‘The fact is that the average man’s love of liberty is nine-tenths imaginary, exactly like his love of sense, justice and truth. He is not actually happy when free; he is uncomfortable, a bit alarmed, and intolerably lonely. Liberty is not a thing for the great masses of men. It is the exclusive possession of a small and disreputable minority, like knowledge, courage and honor. It takes a special sort of man to understand and enjoy liberty — and he is usually an outlaw in democratic societies.’
American journalist, satirist, cultural critic and scholar of American English
‘Imperfections are important just as mistakes are. You only get to be good by learning from mistakes and you get to be real by being imperfect.’
‘You had better respect the desert because the desert leaves it up to you. It’s not going to help. It’s going to leave you totally alon to see if you can find the strength within yourself to survive. There are no distractions. You can’t outfox the desert. You’ll die trying.’
American singer, songwriter, musician, and actor
Love is not simply giving; it is judicious giving and judicious withholding as well. It is judicious praising and judicious criticizing. It is judicious arguing, struggling, confronting, urging, pushing and pulling in addition to comforting. It is leadership. The word ‘judicious’ means requiring judgment, and judgment requires more than instinct; it requires thoughtful and often painful decision making.
Morgan Scott Peck
American psychiatrist and best-selling author
Best known for his first book, The Road Less Traveled
There is a time in every man’s education when he arrives at the conviction that envy is ignorance; that imitation is suicide; that he must take himself for better, for worse, as his portion; that though the wide universe if full of good, no kernel of nourishing corn can come to him but through his toil bestowed on that plot of ground which is given to him to till. The power which resides in him is new in nature, and none but he knows what that is which he can do, nor does he know until he has tried.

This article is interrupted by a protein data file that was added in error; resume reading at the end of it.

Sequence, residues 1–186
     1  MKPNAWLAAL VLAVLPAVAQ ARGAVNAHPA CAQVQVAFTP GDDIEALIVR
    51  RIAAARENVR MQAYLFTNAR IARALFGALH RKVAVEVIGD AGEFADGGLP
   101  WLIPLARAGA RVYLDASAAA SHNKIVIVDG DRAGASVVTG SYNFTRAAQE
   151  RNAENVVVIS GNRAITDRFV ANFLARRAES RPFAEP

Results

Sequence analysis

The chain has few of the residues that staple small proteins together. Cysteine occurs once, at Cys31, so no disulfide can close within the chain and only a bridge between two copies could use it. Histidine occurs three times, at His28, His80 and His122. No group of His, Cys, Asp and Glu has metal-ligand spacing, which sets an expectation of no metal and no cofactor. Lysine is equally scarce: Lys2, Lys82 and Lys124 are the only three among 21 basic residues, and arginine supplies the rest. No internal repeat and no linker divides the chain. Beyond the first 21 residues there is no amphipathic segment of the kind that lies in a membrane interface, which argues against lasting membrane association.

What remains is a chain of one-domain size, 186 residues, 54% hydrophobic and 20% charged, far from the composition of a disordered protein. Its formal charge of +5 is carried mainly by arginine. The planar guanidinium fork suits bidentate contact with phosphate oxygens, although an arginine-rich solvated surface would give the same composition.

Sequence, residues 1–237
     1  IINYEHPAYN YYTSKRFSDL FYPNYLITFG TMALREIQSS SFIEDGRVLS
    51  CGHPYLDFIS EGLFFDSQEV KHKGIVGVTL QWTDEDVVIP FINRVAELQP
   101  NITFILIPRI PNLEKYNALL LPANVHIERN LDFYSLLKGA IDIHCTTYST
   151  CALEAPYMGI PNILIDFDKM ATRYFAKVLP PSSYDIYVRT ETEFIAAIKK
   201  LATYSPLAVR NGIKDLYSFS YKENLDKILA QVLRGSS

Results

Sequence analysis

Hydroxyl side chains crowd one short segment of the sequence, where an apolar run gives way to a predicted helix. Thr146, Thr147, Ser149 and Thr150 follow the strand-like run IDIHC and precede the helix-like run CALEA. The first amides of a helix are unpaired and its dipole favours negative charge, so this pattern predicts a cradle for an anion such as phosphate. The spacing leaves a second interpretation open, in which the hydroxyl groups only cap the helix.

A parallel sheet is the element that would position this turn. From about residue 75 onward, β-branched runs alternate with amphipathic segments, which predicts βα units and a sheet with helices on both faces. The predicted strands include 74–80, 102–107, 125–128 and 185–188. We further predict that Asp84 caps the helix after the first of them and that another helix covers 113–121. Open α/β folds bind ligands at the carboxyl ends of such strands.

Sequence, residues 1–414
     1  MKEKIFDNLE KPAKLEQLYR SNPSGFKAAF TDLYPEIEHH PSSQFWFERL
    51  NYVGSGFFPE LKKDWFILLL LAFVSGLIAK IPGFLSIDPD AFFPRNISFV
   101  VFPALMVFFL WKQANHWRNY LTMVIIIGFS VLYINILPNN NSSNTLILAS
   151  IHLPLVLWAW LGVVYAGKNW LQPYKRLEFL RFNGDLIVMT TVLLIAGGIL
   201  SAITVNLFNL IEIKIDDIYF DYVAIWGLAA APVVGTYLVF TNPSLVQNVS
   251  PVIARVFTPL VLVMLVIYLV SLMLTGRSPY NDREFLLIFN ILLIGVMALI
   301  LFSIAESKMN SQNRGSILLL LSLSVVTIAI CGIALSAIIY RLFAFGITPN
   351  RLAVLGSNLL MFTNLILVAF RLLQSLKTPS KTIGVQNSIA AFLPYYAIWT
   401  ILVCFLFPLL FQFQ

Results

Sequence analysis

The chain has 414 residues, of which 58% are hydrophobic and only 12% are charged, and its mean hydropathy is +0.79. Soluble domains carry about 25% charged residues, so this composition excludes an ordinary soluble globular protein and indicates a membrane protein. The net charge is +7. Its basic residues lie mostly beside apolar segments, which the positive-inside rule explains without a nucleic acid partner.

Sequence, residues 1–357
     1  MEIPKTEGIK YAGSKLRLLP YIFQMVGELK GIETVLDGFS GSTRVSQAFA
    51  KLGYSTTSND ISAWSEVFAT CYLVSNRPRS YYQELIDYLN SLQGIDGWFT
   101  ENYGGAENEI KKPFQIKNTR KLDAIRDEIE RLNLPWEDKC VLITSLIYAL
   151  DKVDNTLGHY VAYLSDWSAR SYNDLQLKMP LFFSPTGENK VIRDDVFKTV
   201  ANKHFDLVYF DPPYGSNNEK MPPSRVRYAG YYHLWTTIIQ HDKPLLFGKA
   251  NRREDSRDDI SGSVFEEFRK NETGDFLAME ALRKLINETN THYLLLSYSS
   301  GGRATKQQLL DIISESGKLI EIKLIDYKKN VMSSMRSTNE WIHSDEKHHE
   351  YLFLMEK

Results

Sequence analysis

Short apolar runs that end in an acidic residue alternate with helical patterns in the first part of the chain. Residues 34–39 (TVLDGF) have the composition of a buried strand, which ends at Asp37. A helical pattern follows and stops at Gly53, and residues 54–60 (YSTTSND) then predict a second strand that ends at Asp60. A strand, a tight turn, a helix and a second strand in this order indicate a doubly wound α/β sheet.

Ralph Waldo Emerson
American essayist, lecturer, and poet who led the transcendentalist movement of the mid-19th century
‘To be hopeful in bad times is not just foolishly romantic, it is based on the fact that human history is a history not only of cruelty but also of compassion, sacrifice, courage, kindness.’
What we choose to emphasize in this complex history will determine our lives. If we see only the worst, it destroys our capacity to do something. If we remember those times and places–and there are so many–where people have behaved magnificently, this gives us the energy to act, and at least the possibility of sending this spinning top of world in a different direction.
And if we do act, in however small a way, we don’t have to wait for some grand utopian future. The future is an infinite succession of presents, and to live now as we think human beings should live, in defiance of all that is bad around us, is itself a marvelous victory.’
American historian, playwright, and social activist
Political science professor at Boston University
Author of more than twenty books including his best-selling and influential A People’s History of the United States
The future has many names. For the weak, it means the unattainable. For the fearful, it means the unknown. For the courageous, it means opportunity.
French poet, novelist, and dramatist of the Romantic movement
Considered to be one of the greatest and best-known French writers of all time